The pond at Sayers Common was revisited this summer to undertake annual maintenance work. The summer was an extremely hot one and when we returned to maintain the area we found no water in the pond. This is an unusual occurrence and was found to have accelerated the spread of reeds and the integral willow stump growth to a degree that made it appear like a jungle scene. The damp mud and the lack of pond water beneath the blazing sun were obviously ideal conditions for these species to flourish in. This was very disheartening for the maintenance working party and took many weeks of extremely hard work to bring conditions back under control.
An explosion of reed and willow growth faced the volunteer working party.
The root spread on the reeds was considerable and each one we managed to pull up carried a root foot of over half a metre. This was entangled with the surrounding mud which lifted out with it and made it extremely heavy to manhandle. Such was the spread of these reeds which had transformed a beautiful open pond into a reed bed, that we had to resort to chopping them down rather than removing them. This was obviously not a long term solution but at least it returned the area to a semblance of normality in the interim period.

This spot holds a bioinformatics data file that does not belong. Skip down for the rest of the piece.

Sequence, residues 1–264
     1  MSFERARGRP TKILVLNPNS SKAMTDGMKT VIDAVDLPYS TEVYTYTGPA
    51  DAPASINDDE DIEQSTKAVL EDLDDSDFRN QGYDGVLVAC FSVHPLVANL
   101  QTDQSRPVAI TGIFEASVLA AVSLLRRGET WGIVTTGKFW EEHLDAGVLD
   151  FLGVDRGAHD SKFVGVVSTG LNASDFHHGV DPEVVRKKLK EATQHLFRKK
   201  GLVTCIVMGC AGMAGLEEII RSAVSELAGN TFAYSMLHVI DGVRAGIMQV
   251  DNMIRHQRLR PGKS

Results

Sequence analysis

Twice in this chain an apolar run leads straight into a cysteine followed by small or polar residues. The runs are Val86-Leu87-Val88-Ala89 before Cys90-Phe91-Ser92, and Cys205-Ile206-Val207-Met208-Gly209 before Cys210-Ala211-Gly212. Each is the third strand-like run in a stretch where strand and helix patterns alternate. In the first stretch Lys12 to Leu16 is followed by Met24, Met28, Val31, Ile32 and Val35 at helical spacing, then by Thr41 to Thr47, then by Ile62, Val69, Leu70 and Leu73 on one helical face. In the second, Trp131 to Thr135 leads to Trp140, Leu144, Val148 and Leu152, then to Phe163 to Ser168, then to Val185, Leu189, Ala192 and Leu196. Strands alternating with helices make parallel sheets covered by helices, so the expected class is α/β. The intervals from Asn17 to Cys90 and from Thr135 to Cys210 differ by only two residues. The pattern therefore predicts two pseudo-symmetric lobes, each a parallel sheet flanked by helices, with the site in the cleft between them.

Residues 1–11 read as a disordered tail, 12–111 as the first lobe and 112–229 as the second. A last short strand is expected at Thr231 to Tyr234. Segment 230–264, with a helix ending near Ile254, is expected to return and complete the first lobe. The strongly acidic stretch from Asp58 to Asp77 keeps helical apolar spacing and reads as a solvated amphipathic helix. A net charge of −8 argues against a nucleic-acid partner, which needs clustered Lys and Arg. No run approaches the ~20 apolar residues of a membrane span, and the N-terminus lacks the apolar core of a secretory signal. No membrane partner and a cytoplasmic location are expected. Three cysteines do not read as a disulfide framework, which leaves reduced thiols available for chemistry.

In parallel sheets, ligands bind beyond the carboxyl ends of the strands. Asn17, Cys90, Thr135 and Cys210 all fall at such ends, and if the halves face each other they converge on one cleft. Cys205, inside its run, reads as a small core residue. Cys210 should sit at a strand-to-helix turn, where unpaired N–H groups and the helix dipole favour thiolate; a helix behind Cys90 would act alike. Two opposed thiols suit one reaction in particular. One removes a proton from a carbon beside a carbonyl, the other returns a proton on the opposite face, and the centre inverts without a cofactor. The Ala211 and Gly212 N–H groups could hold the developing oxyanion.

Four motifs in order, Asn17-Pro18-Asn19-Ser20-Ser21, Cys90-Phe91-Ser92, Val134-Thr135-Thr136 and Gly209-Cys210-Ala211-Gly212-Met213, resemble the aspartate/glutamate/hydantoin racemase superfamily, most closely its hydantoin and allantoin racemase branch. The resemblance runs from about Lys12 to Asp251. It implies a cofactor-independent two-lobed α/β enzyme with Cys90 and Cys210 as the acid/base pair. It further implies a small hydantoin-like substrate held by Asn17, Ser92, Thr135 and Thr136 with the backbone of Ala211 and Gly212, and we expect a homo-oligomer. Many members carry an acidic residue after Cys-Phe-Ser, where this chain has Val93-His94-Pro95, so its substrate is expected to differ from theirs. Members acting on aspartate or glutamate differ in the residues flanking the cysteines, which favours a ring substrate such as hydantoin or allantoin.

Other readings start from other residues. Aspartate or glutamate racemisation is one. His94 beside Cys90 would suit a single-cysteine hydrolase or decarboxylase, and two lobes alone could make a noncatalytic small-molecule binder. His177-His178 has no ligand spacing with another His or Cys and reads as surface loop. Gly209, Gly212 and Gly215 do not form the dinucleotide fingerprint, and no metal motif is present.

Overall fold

The reeds were cut back to the dry pond base.
The willow stumps were more accessible to cut back their growth as we were able to walk across the mud to them rather than wade through water. This was done as one of the first tasks but such were the favourable growth conditions during this hot spell that by the time we had completed our period of work they needed cutting back again.
All cuttings were manhandled to a central collection point for disposal.
We completed this task and removed the spreading brush around the pond so that it once again looked like the pond that had attracted so much wildlife but we knew that a more permanent solution was required. This is being considered to make it more manageable in future years.
Each visit progressively restored the pond to its previous state but still without the water that was necessary for wildlife to return again.